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Today (19th December 2016) the members of the Electoral College will meet in their respective state capitols and cast votes for the President and Vice-President of the United States. It is certain that they will elect Donald Trump.
Hillary Clinton 'won' the 'popular vote' -- that is to say that more votes were cast for electors promising to vote to her in all of the States than were cast for Trump. The Electoral College, however, does not weigh the votes of each member of the electorate equally. Smaller states are over-represented, as they are over-represented in Congressional delegations. In addition, a winner-takes-all system in almost all of the states means that winning the most votes in a given state brings all of the electoral votes.
Trump's unlikely candidacy, and the fact that he will be only the fifth President elected to office without winning a majority of votes cast nation-wide (see here) has brought more scrutiny on to the role of the Electoral College.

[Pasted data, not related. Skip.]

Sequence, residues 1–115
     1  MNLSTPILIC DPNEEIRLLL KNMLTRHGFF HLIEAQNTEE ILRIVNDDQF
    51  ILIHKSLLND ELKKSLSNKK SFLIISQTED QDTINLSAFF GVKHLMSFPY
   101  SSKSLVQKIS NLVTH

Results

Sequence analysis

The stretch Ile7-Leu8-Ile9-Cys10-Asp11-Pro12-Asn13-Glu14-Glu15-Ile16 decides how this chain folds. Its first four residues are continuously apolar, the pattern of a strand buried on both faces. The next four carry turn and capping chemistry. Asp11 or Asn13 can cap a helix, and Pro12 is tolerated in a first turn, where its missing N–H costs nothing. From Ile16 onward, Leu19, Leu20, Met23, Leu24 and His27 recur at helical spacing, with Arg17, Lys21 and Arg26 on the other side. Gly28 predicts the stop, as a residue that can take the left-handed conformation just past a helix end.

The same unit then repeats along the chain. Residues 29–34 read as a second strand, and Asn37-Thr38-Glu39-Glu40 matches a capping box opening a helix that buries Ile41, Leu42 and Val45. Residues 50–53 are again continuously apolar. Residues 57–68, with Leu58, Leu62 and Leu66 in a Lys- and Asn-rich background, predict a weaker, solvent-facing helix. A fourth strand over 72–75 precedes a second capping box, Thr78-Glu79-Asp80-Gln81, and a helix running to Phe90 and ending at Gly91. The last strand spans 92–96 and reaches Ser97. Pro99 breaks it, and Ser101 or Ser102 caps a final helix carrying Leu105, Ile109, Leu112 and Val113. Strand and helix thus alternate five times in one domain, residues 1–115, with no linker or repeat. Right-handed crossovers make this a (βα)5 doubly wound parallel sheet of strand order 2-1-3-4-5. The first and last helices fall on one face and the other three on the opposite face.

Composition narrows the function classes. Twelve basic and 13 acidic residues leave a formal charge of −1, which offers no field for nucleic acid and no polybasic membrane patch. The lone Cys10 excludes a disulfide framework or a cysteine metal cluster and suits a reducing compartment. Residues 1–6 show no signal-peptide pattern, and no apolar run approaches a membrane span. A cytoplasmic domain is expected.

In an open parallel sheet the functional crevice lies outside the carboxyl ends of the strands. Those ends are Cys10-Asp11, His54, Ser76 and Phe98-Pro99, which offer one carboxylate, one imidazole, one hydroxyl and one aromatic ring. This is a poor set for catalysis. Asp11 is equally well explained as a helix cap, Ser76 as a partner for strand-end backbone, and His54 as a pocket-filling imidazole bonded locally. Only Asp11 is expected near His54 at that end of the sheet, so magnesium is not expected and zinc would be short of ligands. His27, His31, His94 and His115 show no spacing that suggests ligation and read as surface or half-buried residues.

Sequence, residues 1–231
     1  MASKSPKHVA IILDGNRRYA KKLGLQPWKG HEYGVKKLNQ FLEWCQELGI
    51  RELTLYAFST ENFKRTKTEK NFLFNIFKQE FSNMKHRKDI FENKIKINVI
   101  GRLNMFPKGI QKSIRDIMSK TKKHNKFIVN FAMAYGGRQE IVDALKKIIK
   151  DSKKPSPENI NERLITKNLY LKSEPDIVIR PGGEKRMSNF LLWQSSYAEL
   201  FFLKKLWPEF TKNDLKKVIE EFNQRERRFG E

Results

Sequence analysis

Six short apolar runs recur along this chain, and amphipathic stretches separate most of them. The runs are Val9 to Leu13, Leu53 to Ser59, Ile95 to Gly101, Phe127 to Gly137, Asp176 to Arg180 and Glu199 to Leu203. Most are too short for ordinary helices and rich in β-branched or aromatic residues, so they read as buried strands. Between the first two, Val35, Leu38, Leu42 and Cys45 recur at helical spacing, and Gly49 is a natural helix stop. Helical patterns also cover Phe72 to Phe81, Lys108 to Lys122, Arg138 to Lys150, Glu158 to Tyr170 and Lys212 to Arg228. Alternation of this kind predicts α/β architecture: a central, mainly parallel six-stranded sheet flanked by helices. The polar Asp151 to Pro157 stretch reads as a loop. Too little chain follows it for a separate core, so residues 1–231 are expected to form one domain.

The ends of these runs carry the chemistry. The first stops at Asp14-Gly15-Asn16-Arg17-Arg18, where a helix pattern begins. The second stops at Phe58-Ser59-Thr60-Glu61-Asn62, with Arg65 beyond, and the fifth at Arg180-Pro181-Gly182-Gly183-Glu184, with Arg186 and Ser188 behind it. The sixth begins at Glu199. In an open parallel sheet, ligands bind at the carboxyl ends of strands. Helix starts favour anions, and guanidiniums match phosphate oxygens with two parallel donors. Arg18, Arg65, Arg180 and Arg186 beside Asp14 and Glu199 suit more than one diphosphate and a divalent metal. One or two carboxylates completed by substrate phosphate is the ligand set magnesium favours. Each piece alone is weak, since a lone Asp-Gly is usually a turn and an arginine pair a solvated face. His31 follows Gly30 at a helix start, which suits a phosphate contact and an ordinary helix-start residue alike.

We published a guide to the moments in the Convention that will help you to understand its creation immediately after the 2016 election. What we did not do on that occasion was to compare and contrast what was said at the Convention with the arguments given by Alexander Hamilton in the suddenly famous essay Federalist 68, originally written for the electorate of New York during the debates over ratification. It is worth remembering that in 1787-8, the electorate had little idea what had been discussed at the Convention, the records that we now take for granted being secret.